Take It to the Limit: The Z 7 Reaches the Heights


Ted Hesser is a climber and a photographer. He takes breathtaking pictures in places most of us will never visit.

The Z 7 is a high-performance, high-megapixel camera for the kind of pictures most of us will take in places we will visit, but it's also a rugged, weather-sealed camera built to handle the extremes of...well, places adventurous outdoor enthusiasts and pro shooters visit often.

And extremes is where Ted comes in.

When we heard he was heading off on a five-week mission to climb the peaks of Patagonia's Fitz Roy range, we saw the perfect opportunity to put the Z 7 to its toughest test yet.

C'mon along.

Proving Ground

Climbing in Patagonia is rough going. "What generally destroys gear is the volume of rocky terrain you cover," Ted says.

And it's dangerous going. "Alpine climbing, especially in Patagonia, has to be fast and light—that's where safety comes from in those mountains. It's all about you and your partner's ability to move quickly, to get down and away from weather. The weather is the big x-factor here—it's volatile—so we really count the ounces in all our kits." For the savvy climber it's climb quickly and carry as little as possible. Ted doesn't even carry lens caps; every ounce, every fraction of an ounce, counts.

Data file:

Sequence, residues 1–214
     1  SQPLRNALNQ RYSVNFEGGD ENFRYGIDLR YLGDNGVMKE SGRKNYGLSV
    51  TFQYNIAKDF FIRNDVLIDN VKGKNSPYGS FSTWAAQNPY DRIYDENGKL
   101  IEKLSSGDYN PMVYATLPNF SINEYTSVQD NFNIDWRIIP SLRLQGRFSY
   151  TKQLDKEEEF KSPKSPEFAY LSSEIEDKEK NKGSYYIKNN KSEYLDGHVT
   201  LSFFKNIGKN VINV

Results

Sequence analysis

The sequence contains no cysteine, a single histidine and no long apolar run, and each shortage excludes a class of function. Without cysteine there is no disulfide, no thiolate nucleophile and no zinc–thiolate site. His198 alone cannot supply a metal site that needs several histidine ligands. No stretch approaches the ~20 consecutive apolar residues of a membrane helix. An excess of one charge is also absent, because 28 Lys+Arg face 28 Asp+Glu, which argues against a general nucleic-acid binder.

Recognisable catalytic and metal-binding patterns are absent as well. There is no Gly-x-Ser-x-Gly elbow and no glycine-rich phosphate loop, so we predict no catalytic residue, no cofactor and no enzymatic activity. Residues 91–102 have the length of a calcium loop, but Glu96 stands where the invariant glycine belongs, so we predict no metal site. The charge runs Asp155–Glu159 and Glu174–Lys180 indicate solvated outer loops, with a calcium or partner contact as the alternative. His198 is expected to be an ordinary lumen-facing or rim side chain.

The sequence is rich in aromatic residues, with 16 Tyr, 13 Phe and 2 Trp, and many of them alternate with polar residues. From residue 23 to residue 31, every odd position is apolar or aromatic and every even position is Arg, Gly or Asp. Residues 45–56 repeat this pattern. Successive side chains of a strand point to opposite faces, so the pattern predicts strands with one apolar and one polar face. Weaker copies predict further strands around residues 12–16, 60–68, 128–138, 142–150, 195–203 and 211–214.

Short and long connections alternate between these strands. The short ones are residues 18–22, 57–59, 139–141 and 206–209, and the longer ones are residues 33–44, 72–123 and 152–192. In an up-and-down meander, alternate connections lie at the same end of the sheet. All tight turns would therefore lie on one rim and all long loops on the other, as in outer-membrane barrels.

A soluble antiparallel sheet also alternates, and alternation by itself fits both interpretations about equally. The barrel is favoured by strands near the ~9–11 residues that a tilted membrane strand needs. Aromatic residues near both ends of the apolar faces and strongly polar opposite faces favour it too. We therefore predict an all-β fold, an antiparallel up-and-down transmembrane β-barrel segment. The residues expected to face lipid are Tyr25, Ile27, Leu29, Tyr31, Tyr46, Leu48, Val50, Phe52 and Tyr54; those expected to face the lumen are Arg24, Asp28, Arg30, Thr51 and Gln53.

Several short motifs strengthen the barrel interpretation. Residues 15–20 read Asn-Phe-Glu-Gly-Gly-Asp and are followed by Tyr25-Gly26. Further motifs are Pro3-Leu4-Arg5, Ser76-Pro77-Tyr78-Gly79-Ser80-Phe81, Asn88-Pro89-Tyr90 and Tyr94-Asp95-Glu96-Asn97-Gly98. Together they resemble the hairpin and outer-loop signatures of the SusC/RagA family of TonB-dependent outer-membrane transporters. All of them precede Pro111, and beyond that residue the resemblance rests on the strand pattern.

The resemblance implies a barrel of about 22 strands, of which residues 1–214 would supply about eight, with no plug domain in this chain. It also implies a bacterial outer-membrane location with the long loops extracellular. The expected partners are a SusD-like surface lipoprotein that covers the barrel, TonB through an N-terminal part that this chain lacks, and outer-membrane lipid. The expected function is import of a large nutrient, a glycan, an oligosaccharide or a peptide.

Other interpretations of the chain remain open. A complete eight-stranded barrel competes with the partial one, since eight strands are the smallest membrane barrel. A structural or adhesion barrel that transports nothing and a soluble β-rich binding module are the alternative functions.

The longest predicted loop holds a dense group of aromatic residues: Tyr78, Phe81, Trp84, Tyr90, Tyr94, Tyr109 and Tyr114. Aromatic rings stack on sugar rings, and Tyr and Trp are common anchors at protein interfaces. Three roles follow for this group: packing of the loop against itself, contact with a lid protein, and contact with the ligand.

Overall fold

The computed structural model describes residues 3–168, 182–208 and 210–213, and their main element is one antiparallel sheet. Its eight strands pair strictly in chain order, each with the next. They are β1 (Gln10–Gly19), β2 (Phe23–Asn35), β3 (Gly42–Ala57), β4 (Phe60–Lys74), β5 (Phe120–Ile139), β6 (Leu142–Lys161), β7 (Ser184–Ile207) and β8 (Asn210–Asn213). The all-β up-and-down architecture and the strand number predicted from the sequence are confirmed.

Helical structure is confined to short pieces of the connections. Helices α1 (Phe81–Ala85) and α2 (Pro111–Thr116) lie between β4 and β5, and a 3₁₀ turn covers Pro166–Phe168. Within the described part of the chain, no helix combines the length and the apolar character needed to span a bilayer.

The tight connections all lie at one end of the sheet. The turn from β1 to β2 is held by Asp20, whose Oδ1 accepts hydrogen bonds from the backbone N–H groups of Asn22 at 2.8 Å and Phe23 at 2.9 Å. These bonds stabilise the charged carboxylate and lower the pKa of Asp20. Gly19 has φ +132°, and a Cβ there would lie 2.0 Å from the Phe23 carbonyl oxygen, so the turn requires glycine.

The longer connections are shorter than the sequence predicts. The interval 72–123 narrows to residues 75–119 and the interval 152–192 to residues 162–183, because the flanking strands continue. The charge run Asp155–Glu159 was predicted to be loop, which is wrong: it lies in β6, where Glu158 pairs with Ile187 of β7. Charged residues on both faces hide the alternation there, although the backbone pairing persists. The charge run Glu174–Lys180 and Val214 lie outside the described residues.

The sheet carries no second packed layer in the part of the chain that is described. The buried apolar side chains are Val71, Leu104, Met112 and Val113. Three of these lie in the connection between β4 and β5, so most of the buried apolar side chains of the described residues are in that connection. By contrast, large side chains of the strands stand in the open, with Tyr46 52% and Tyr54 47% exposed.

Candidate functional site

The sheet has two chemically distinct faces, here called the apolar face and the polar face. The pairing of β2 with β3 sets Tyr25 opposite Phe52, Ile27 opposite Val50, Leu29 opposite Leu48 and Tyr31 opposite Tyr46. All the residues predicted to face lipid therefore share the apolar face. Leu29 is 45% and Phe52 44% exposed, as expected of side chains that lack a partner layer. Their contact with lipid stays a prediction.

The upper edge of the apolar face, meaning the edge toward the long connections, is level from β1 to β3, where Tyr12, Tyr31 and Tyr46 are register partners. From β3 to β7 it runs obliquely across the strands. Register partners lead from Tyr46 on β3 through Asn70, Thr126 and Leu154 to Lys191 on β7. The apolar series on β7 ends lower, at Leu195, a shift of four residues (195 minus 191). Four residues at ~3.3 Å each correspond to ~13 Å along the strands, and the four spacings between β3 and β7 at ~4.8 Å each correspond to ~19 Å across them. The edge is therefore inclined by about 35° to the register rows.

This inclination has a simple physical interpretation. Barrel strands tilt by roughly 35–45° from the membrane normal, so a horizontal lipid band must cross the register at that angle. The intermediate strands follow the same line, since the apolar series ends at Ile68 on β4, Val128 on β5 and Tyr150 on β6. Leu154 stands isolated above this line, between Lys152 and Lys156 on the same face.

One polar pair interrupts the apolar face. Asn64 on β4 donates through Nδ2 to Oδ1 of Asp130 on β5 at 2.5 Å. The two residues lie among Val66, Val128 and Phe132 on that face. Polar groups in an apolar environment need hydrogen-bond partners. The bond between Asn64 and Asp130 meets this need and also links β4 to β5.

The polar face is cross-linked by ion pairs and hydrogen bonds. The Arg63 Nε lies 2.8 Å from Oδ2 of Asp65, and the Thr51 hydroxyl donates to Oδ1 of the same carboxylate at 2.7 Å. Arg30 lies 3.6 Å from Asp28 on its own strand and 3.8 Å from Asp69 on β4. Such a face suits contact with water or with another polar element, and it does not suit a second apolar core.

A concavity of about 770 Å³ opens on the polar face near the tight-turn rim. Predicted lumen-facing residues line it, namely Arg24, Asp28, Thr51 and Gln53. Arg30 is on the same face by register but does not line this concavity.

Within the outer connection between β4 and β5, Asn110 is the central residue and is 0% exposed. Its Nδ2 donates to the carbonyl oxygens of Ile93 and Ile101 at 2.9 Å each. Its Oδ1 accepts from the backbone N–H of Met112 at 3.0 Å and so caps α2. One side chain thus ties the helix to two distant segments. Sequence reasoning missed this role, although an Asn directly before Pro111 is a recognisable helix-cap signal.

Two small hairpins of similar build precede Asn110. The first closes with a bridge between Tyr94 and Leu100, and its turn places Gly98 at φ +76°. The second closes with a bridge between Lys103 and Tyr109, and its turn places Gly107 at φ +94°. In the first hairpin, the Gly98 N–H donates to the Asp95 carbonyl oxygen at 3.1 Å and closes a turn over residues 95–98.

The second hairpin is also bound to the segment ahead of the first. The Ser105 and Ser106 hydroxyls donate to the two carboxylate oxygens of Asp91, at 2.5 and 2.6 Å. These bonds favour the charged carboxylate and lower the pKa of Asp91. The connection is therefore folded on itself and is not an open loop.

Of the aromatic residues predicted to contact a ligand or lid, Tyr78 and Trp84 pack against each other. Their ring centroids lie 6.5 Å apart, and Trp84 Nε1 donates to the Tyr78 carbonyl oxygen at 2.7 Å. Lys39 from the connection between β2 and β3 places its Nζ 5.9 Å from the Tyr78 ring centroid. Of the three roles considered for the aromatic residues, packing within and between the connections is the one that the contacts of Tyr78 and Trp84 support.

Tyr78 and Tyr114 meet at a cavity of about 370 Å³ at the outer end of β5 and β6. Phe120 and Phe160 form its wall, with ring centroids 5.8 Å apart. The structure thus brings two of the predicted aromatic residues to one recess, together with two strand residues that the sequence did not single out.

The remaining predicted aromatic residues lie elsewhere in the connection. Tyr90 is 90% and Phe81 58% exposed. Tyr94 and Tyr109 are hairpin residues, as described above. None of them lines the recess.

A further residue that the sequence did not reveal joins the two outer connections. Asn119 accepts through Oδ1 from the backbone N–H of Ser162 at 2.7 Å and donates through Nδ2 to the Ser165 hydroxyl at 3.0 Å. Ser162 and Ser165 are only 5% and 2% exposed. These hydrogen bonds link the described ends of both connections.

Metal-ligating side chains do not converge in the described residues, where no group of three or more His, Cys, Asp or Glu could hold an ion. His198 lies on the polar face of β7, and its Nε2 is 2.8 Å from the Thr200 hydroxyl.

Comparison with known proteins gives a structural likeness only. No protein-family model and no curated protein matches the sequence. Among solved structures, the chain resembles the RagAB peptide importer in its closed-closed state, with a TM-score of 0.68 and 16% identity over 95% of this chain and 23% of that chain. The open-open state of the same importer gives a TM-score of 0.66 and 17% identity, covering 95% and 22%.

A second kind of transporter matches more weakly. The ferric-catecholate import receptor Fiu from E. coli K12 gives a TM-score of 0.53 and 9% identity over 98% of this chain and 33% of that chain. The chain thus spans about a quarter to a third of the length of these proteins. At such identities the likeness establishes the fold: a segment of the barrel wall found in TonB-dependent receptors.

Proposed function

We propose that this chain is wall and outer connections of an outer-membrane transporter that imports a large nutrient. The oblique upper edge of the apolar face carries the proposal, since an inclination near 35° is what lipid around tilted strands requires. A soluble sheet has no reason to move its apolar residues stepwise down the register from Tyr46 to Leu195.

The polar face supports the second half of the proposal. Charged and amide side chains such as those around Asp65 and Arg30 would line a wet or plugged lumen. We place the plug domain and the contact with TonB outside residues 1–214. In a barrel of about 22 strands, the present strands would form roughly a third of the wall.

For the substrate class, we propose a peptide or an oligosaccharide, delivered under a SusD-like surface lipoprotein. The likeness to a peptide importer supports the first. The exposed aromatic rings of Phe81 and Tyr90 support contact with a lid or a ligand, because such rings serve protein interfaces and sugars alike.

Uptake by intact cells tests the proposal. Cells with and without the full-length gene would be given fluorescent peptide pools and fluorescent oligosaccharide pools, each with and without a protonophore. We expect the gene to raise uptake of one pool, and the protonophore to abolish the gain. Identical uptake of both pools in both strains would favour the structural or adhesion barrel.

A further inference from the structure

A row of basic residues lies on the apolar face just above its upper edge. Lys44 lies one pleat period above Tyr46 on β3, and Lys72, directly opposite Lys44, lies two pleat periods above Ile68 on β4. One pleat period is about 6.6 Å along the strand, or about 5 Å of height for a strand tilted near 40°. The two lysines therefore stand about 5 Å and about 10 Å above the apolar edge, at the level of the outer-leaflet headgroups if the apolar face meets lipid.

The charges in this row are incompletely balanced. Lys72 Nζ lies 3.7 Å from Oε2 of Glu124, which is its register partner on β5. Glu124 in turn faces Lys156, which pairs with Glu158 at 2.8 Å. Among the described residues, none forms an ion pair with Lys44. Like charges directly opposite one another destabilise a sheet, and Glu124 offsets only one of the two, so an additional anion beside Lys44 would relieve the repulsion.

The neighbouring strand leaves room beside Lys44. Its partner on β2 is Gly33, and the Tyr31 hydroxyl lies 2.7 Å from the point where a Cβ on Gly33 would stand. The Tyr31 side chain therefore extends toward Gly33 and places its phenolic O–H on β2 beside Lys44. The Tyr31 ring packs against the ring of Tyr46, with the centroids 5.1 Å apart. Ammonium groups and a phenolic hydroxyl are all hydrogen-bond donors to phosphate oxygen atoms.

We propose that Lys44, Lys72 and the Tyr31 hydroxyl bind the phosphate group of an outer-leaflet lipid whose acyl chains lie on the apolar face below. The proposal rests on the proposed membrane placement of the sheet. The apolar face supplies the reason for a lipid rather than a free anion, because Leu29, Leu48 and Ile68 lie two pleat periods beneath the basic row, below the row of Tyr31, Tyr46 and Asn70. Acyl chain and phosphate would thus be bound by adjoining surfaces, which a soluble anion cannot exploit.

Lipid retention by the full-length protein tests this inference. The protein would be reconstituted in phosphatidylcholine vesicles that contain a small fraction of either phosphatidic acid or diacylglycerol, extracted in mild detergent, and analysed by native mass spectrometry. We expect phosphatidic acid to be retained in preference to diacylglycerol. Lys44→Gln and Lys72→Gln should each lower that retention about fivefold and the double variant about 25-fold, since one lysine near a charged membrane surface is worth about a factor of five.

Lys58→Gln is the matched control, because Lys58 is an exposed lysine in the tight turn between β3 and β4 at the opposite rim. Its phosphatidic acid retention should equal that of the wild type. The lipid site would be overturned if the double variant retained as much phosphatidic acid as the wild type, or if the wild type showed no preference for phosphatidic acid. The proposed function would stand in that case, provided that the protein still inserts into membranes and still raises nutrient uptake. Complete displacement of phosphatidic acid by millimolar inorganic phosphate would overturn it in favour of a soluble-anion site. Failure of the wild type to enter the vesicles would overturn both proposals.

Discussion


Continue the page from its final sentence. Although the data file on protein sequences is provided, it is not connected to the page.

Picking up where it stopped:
That's where the size and weight of the Z 7 mirrorless camera came into play along with the versatility of the NIKKOR Z 14-30mm f/4 S and NIKKOR Z 24-70mm f/4 S lenses Ted carried. "The 14-30mm literally replaced three lenses I was used to juggling for different scenarios." (In case you're wondering about the lack of lens caps, he kept a circular polarizer on the 24-70mm and a 2.1 neutral density filter on the 14-30mm—which is the only zoom of that focal length range to accept a filter.)

Because of its sensor, to me the Z 7 is basically a medium-format camera at this point. It delivers incredible images...

Ted had brought along his D850—but he never used it, which says a lot about the image quality delivered by the mirrorless. "Because of its sensor, to me the Z 7 is basically a medium-format camera at this point," he says. "It delivers incredible images, and there's so much room to work on an image, so much tolerance for adjustment if you want or need it."

It turned out that the Z 7 and its lenses was put to more of a test than first anticipated as the unpredictability of the weather turned out to have a positive side. "We had so much good climbing weather that we extended the trip by two weeks," Ted says. All told, he climbed six major peaks during that time and took...wait for it... not quite a mountain of images.

The Power Point

There was one additional, though not intended test. "This is worth calling out," Ted says, "and it was my biggest surprise about the camera. I wasn't sure how long the batteries would last in the cold, and at the beginning I'd bring along two batteries for each day I went out because I didn't know what to expect. Near the end of the trip I was bringing one battery for every two days. For the last climb I was out five days and brought three batteries and used one. From the start, the batteries for the Z 7 lasted just as long as the ones for my D850 up there in the mountains."

Which prompted us to ask about the temperatures up there. "It would get as cold as zero," Ted says.

Like we said, "...breathtaking pictures in places most of us will never visit."

Visit to view a variety of Ted's outdoor, adventure and travel photographs.

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